As a 40ish year old technical engineer I can tell you that I spend less time chasing ideal solutions and much less time believing marketing hype. You assume that your co-workers don't want to learn new technology but you've skipped the entire story about the requirements for the deployment.
My advice to keep you employed is to find a mentor, one of them you get along with well and go to them with these questions. Hey Bill, can I ask why we chose to use XP for these PC's rather than something more current? For all you know it's a business policy that all PC's deployed this year use XP until the company cuts over to 7. Pissing off people high enough to fire you with off handed comments about technology is a good way to get fired but there is nothing wrong with people knowing that you are a fan of xyz technology.
Successful non-technical businesses do not upgrade because it's a possibility, they upgrade when doing so makes them money or they can no longer buy support for what they already have. Your job as a tech or engineer is to learn the new stuff as you can so you are ready to support it when eventually they switch but don't bother recommending upgrading until you can justify the cost in savings. Dollars is what the real world is about, not just running the latest software.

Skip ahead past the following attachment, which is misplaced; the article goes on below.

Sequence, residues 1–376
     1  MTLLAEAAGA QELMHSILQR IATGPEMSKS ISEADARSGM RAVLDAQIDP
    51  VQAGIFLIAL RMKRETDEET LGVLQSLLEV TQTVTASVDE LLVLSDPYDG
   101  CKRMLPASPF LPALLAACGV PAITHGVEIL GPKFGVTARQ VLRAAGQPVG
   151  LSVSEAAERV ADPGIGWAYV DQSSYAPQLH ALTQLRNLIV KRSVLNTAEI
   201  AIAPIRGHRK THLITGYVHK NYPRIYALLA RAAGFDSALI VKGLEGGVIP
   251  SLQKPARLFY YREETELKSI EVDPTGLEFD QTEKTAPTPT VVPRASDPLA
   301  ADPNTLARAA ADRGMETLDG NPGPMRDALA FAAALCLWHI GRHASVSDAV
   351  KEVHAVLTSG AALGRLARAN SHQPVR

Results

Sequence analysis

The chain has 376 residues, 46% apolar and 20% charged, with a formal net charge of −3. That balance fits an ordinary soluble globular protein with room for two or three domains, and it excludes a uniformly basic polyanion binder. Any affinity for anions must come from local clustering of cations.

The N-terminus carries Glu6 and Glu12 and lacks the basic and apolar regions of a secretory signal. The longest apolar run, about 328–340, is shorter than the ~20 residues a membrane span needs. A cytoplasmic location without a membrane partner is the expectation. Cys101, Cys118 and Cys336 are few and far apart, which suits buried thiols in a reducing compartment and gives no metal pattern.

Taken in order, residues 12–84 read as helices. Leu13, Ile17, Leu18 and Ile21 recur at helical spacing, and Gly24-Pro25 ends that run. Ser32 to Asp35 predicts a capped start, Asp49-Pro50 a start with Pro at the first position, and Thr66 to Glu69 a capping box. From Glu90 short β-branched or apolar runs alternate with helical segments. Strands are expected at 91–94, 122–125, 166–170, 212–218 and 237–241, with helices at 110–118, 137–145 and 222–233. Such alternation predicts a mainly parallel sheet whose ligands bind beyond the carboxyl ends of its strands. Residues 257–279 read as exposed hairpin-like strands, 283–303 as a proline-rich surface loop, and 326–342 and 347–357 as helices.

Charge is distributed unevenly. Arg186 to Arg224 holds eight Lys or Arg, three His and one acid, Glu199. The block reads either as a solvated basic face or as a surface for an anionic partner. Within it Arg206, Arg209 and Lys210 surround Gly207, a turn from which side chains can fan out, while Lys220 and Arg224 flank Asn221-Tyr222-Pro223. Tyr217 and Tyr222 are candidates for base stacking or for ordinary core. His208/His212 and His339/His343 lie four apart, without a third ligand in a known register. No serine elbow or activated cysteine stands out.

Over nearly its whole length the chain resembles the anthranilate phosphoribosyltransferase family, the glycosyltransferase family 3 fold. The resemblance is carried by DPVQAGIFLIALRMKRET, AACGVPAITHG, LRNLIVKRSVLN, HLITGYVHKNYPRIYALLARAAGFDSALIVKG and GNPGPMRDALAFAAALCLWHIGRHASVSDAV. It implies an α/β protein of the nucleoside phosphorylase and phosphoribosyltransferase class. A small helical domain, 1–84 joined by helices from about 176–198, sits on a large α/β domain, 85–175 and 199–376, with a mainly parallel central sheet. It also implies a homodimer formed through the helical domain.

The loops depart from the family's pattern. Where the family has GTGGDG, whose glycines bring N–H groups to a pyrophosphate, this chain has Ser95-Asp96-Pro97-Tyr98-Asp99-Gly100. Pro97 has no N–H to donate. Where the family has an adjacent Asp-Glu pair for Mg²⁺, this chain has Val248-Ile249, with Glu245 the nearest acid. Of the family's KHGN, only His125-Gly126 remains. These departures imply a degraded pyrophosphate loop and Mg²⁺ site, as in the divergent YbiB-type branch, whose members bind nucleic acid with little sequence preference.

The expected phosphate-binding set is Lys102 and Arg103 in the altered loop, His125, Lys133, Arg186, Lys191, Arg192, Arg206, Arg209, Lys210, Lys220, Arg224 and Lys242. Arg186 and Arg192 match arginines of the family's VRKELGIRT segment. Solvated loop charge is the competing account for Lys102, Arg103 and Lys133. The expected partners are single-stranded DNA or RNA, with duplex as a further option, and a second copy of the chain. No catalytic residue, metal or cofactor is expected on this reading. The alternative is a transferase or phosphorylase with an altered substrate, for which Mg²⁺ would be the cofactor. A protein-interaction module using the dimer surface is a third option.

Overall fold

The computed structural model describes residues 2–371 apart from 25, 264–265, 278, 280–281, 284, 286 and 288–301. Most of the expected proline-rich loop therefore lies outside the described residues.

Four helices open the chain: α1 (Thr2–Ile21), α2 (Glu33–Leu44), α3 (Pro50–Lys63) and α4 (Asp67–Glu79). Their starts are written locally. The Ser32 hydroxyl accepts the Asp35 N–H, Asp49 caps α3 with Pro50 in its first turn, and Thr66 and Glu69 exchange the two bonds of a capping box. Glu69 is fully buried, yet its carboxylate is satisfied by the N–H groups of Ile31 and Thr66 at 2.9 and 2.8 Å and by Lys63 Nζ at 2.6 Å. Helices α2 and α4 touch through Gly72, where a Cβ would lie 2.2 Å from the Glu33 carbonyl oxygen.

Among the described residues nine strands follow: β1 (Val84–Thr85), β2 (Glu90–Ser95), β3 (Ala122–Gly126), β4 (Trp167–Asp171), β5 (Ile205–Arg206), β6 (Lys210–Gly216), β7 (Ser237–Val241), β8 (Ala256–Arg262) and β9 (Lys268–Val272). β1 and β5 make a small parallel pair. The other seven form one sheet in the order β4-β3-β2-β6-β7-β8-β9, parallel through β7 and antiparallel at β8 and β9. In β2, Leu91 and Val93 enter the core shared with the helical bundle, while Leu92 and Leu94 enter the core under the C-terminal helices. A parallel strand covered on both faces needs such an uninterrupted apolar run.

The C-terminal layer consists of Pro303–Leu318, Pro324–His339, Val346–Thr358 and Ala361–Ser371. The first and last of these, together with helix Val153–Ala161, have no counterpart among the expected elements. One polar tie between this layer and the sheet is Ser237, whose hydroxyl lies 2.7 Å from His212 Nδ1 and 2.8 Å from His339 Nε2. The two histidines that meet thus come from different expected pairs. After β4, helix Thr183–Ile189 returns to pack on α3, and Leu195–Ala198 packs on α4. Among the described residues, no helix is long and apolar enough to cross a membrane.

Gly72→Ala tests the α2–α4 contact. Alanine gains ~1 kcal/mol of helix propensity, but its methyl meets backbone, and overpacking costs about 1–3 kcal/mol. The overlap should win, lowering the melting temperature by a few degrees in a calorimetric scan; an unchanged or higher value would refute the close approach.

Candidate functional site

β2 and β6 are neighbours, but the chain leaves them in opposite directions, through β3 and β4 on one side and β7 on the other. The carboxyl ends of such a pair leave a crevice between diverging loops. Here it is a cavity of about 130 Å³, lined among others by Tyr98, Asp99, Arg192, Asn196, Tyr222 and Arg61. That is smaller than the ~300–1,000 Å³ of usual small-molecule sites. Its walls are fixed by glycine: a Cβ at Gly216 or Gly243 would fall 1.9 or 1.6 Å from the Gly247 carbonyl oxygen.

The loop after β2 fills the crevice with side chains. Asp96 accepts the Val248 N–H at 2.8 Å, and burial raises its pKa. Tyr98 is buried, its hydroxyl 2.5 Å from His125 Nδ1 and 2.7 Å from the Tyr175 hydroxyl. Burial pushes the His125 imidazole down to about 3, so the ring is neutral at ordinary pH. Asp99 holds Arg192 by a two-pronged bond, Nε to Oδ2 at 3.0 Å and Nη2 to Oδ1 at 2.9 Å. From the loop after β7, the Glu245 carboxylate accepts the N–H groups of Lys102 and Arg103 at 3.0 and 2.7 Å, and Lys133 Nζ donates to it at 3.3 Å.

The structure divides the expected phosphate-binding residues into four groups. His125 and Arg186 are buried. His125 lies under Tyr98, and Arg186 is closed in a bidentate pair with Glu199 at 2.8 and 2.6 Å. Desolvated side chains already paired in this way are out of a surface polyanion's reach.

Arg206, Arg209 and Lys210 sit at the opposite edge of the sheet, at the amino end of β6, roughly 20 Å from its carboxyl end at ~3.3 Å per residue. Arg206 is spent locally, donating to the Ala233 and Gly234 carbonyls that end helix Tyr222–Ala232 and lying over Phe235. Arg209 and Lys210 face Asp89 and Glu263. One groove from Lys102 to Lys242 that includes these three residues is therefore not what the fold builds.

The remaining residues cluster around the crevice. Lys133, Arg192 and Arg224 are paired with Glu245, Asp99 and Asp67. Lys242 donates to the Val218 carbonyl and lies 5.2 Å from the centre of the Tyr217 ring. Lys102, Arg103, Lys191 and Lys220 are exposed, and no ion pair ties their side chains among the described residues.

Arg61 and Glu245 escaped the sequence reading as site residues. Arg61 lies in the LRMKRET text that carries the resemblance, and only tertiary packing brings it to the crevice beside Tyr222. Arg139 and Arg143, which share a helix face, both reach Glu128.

As far as the age thing goes, some people have a passion for technology, some people don't. As someone who does many technical interviews both right out of college and also people switching technologies I can tell you that age is a poor indication of how good of a engineer they turn out to be. Passion, interest count for more. There are college graduates that will obviously go far and some that will just sit around and facebook all day. Older engineers have the same differences.
tl;dr: Been there, done that. Learn to come up with business cases for choosing new technology when appropriate and businesses will almost always follow the savings.